In ancient Rome, the most sought-after wines – the ones earning at least XCV points from Vinum Spectatorem – came from the region of Campania.
Actually, the Roman rating system was not so formal. There was no Latin precursor to modern wine mags, as far as we know. But the area of Southern Italy was indeed highly regarded for its wines – and remains so to this day. So when Wrath Wines began producing Falanghina, a historic Campanian varietal, from two rows planted in its estate vineyard, winemaker Sabrine Rodems discarded modern processes in favor of clay vessels. The wine was fermented in a dolium (a large earthenware vessel) with extended skin contact and then returned to clay for aging.
Hey, when in Rome…
The 2018 Wrath Ex Dolio Falanghina is Janus-faced in the best way possible. It spills aromas that promise a rich, lush wine, with dried apricot, toasted almond, meadow flowers and hints of buckwheat honey. But the wine changes directions when sipped, springing onto the palate at a brisk pace. Bright, fresh apple and apricot flit about as darts of citrus zip over the top. Yet there is a tannic grip – a parched, gritty, leathery finish of cured tea leaves that brings balance to the fruit.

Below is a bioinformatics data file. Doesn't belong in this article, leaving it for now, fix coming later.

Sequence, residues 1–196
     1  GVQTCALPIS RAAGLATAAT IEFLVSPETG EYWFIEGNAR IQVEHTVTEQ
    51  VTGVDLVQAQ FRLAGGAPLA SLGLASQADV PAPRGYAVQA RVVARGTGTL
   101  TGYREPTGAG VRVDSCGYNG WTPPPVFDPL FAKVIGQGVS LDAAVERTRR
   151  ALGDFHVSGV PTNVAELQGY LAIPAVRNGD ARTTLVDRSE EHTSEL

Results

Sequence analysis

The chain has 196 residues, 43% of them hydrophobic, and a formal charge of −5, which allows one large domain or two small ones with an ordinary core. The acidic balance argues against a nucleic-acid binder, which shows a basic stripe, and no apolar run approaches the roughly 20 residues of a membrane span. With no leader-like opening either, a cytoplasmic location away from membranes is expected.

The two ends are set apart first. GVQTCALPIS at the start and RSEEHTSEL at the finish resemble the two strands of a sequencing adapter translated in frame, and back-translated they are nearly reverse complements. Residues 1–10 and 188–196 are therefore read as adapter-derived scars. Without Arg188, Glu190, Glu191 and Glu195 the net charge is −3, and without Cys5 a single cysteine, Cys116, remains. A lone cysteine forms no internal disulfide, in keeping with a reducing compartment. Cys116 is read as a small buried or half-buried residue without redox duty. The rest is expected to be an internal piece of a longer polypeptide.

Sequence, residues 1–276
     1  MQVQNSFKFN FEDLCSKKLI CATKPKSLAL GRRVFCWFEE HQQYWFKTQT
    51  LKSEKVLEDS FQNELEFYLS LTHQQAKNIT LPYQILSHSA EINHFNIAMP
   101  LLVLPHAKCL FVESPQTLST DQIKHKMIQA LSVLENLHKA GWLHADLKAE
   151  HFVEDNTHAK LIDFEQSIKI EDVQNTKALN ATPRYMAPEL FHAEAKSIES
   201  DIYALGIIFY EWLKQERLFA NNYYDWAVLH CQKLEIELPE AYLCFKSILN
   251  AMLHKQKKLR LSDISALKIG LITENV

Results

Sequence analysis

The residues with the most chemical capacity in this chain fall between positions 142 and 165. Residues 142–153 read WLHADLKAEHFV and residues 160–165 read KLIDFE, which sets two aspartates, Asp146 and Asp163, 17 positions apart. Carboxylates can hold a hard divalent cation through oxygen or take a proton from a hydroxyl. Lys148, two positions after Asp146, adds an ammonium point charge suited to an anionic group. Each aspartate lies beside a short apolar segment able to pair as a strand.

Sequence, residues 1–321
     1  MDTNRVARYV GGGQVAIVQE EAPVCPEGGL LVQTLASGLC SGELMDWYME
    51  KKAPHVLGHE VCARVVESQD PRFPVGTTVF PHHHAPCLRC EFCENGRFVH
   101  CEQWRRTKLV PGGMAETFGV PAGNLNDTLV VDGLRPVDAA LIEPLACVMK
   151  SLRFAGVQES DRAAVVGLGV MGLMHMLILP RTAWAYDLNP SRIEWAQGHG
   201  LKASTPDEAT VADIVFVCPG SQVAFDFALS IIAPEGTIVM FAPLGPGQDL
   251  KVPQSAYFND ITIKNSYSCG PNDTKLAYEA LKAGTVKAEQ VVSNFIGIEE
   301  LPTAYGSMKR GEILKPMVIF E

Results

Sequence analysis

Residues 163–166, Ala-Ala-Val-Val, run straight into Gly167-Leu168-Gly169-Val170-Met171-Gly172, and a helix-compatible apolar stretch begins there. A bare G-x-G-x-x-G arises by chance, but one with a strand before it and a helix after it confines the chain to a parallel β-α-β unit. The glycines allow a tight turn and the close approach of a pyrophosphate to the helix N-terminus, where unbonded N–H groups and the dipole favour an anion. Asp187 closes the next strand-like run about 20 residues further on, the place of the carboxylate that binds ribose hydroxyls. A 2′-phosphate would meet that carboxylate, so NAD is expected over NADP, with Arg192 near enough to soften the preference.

The wine owes its spirited nature to Wrath owner Michael Thomas, an archaeologist who has been involved in digs near Pompeii, where the ancients played and wines from Campania flowed.
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